(*I don't think the coaching really happened like that. It went more like, "Oh my gawwwwd, this is so saallllty. Ughhhhh. I can't do this." "Ughhhh, Gaby, we have to...oh god, so gross. This is foul. I'm gonna barf." "Maurraaaaaa, this is REPULLLLSIVVVEEE." "Fuckkkk.")

French Trail-Pisser himself ^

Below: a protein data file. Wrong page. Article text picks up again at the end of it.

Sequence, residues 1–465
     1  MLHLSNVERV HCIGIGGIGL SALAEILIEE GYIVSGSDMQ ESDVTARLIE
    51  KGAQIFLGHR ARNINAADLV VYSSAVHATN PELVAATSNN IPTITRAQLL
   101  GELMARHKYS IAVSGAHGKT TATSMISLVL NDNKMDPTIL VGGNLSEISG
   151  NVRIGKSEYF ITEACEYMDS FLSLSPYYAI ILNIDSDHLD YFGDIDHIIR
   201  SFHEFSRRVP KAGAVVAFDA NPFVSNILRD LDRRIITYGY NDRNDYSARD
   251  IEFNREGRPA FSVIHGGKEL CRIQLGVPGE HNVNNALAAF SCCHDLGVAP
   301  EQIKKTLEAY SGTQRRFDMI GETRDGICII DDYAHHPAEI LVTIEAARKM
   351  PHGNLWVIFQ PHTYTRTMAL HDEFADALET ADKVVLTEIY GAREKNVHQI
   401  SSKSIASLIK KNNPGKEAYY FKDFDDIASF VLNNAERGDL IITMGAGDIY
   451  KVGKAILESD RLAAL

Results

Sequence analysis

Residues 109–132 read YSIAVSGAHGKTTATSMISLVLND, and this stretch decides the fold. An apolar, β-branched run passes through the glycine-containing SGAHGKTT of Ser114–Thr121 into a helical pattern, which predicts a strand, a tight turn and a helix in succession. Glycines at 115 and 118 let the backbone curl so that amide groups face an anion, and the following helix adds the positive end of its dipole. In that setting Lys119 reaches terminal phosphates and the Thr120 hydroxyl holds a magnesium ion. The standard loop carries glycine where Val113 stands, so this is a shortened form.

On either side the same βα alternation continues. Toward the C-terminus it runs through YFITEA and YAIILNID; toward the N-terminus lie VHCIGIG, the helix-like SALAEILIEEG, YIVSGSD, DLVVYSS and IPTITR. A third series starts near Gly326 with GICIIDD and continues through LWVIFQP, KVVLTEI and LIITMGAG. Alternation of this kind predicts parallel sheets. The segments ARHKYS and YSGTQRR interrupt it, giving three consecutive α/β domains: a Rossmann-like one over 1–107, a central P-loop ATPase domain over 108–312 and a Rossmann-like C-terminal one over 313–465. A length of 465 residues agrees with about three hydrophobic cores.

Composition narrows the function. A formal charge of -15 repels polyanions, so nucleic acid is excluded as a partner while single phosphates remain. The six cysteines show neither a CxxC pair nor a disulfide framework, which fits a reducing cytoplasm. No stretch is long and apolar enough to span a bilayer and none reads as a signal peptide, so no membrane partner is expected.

The walk itself was stunning—through open fields, through the mountains and forests and along the sea! We felt incredibly in-shape, until we realized that we were the youngest people on the trail by at least forty years. Walking 90-ish kilometers in less than three days sounds like a daunting task, but what I failed to mention earlier is that we did so in the company of only elderly walkers, most of whom had started in France and had been walking for weeks, and most of whom were way faster than us. (Whatever, it’s not a race, it’s about the journey, right? RIGHT?) As we huffed and puffed and swore and sweat on the second day, our favorite old French man /roommate from the night before casually strolled by us, stopped to pee in the trail, and continued on until we lost sight of him for a few hours. When we had finally arrived to the next town, there he was, casually  drinking a beer and reading the paper outside a bar, like he hadn’t just walked the length of a marathon, but instead had taken a leisurely stroll from his living room to the bathroom, taken a shit, and walked back to his chair in front of the fireplace. He's an inspiration to us all, really.